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Old 12 June 2014, 18:08   #1
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Fuel Tank Breather

Bit confused here on a fuel tank breather...!

When my boat was surveyed prior to purchase the surveyor picked up that fuel tank was pressurising slightly. Never seemed to get too bad but when it went in for a service I asked them to routinely check the valve in the breather hose. It is an inboard petrol tank/Evinrude Etec 150.

The servicing guys said the valve was in the wrong way around so reversed it and all should be fine. But it is much worse..! Tank is building up serious air pressure in a fairly short run. The one way valve is now installed to let air out but not in. Originally it was letting air in but not out...the original set up resulted in a little bit of pressure, the new set up has resulted in a very pressurised tank.

So which way around should it be.. or am I missing something.!?

Cheers,

715
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Old 12 June 2014, 18:18   #2
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surely if the valve will let air out how is it holding pressure in the tank?
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Old 12 June 2014, 18:30   #3
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Yep that baffled me too...! Cue a big debate with Father and Father in law citing various different set ups on breathers.

I took the valve out to test whether it was working at all, and puffed through it and one way I can blow through it and the other way I can't. The way it was installed by the servicing guys would in theory let air out, but it obviously didn't.

Should valve let air in, to replace fuel as you use it, or let air out as fuel level drops and is replaced (in theory) with a vacuum/pressure?

Wish I had paid more attention in physics now ... :-)

Actually, thinking about it, in the way the valve was installed by the servicing guys maybe the tank is pressurising/contracting INWARDS due to the valve not letting air in... and so when I am opening the fuel filler the creaking of the tank is due to it expanding again.
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Old 12 June 2014, 18:37   #4
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i can only go on what i currently have seen.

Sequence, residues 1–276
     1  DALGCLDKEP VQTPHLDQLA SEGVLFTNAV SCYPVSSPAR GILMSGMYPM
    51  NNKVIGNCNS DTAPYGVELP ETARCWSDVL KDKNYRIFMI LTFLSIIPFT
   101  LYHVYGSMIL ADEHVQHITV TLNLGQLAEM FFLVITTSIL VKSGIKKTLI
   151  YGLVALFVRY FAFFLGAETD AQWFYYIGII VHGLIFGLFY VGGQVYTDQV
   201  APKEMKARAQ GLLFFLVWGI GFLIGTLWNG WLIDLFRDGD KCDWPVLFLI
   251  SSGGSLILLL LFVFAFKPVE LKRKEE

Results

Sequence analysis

my jetski has a one way valve that allows the tank to become pressurised. this is required to help the ski run correctly and if the valve let the air out or didn't work at all it causes major running issues. but this is a jetski

now on my bayliner and my dads bayliner it has no valve at all. all there is is a fitting on the tank and a pipe with a loop in it that goes to the vent on the side of the boat and no one way valve.

this was how i will be setting up the tank on my rib when it comes to it.

have you got any other detail of the setup you have? engine fuel type etc as someone may be able to help but from my personal experiences this is what i have seen
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Old 12 June 2014, 18:51   #5
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Quote:
Originally Posted by Revenger715 View Post
Should valve let air in, to replace fuel as you use it, or let air out as fuel level drops and is replaced (in theory) with a vacuum/pressure?
Its to let air into the tank as the fuel is consumed. If the vacuum is too great the engine will stall.

The one way part is to avoid vapors from escaping although most installed tanks do not have any valves on them at all since they change temperature all the time and "breathe" in and out over the course of a day/season.

I would remove the valve unless you store the boat indoors (e.g. garage attached to your house) or the engine specifically requires it for some reason.
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